ASHGABAT -- Turkmenistan's government, including its intelligence agencies, is worried about the fate of thousands of Turkmen citizens who went to Turkey for employment opportunities but have fallen on hard times due to the economic crisis caused by the coronavirus pandemic.
These Turkmens are becoming ripe targets for recruitment by terrorist groups. officials and observers say.
Many Turkmens in Turkey have lost their jobs and lack money, and have seen their passports and visas expire, said Rahman A. of Ashgabat, a retired Ministry of National Security (MNB) lieutenant colonel
"It's very hard now for them to resist temptation, especially when recruiters from the 'Islamic State' (IS) ... promise them a good life and lots of money," he said.
"Those who have ended up in a dire state can be easy prey."
"The leaders of the country and of the Ministry of National Security understand that Turkmenistan's citizens are exposed to danger affecting not only them but also their country, but the government has yet to enact concrete measures," said Rahman A.
Such measures could include a trip to Turkey by Turkmen law enforcement and intelligence personnel to perform preventive or reactive work among immigrants from Turkmenistan and to organise evacuation flights for stranded Turkmens, he said.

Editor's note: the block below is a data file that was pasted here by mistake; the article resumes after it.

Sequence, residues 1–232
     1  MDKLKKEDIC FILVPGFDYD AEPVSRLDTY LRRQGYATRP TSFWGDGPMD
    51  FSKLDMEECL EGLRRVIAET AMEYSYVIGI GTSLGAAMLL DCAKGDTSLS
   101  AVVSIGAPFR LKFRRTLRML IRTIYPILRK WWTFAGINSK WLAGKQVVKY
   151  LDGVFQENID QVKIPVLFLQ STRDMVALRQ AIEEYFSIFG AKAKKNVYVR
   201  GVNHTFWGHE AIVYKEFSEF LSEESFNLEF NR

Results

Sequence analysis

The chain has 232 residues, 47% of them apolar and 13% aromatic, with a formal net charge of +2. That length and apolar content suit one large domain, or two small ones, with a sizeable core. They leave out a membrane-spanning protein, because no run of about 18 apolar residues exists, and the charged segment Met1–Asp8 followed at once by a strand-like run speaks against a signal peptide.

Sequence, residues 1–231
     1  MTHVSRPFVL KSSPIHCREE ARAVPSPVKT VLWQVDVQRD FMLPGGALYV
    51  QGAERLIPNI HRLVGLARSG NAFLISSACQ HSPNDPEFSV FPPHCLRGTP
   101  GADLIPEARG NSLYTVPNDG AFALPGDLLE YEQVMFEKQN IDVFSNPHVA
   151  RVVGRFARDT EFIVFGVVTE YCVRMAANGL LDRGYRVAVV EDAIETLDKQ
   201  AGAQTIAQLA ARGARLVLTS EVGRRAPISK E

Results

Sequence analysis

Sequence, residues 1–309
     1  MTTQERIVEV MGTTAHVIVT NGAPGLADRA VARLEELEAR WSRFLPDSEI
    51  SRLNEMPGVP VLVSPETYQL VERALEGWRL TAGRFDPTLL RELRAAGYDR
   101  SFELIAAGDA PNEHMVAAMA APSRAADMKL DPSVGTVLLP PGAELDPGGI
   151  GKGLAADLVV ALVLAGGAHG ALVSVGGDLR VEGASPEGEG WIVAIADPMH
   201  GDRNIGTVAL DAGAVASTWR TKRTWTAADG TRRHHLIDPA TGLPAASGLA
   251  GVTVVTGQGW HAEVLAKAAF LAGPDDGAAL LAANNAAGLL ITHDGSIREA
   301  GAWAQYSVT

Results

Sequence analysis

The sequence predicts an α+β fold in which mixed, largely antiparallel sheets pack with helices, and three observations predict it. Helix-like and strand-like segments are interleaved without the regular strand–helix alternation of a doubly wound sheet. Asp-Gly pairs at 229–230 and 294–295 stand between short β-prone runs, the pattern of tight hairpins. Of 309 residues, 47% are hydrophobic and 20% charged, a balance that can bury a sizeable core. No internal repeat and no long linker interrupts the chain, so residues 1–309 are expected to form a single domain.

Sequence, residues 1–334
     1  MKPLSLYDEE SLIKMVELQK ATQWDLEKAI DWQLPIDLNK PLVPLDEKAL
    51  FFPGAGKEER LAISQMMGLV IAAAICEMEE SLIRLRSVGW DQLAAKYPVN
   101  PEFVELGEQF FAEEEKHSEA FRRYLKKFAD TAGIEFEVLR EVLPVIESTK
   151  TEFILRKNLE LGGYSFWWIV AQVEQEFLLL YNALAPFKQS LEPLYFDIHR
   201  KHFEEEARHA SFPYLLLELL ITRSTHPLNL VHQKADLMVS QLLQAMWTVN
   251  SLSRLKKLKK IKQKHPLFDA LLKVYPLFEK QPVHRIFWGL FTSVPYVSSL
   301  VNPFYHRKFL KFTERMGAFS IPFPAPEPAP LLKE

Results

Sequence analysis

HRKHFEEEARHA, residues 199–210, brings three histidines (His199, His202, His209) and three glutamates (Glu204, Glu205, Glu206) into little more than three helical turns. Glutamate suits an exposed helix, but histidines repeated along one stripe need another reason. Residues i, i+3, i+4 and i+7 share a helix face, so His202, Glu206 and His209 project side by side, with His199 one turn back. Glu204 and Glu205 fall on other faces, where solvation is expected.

"There are no regular flights from Ashgabat to Ankara or Istanbul, and none are anticipated before spring, so we're limited to the powers of the staff at the Turkmen embassy, but that isn't enough," he said.
Recruiters targeting women
Reporting in the Turkish press confirms escalating recruitment from among migrant workers from Turkmenistan and other Central Asian countries.
For example, on November 3, the newspaper Duvar offered details on how extremists from Syria recruited four Turkmen women, spiriting them out of Ankara after falsely promising them well-paid work in the homes of wealthy Damascus residents.
The women, who ranged in age from 23 to 32, "were socially and economically affected by the epidemic, and after communicating with the recruiters for a few months, illegally entered Syria in the first week of July", the newspaper reported.
The newspaper managed to interview two of the women online.
One of those four women became disillusioned and returned to Turkey.
That woman, whom the newspaper referred to as A.K., said she had two daughters whom she left in Turkmenistan with her mother while she emigrated to Turkey to find work.
A.K. was looking after an elderly Turkish woman in exchange for lodging until the woman died at the beginning of the year. Then the pandemic lockdown began and A.K. found herself unemployed, homeless and broke.
A.K. offered a detailed account of how she spent a lot of time online and met a young man who, she said, at first expressed sympathy and understanding about her unfortunate situation.
"He found supportive words to say and spoke a lot about Islamic solidarity, about how essential it is to study the Arabic language and religious books, and then offered me a job just like the one I lost in Turkey," A.K. said.
Although she was already in Syria when her brother found out about her situation, he saved her from disaster, A.K. said. He convinced her not to give in to temptation or to believe in the man's false promises.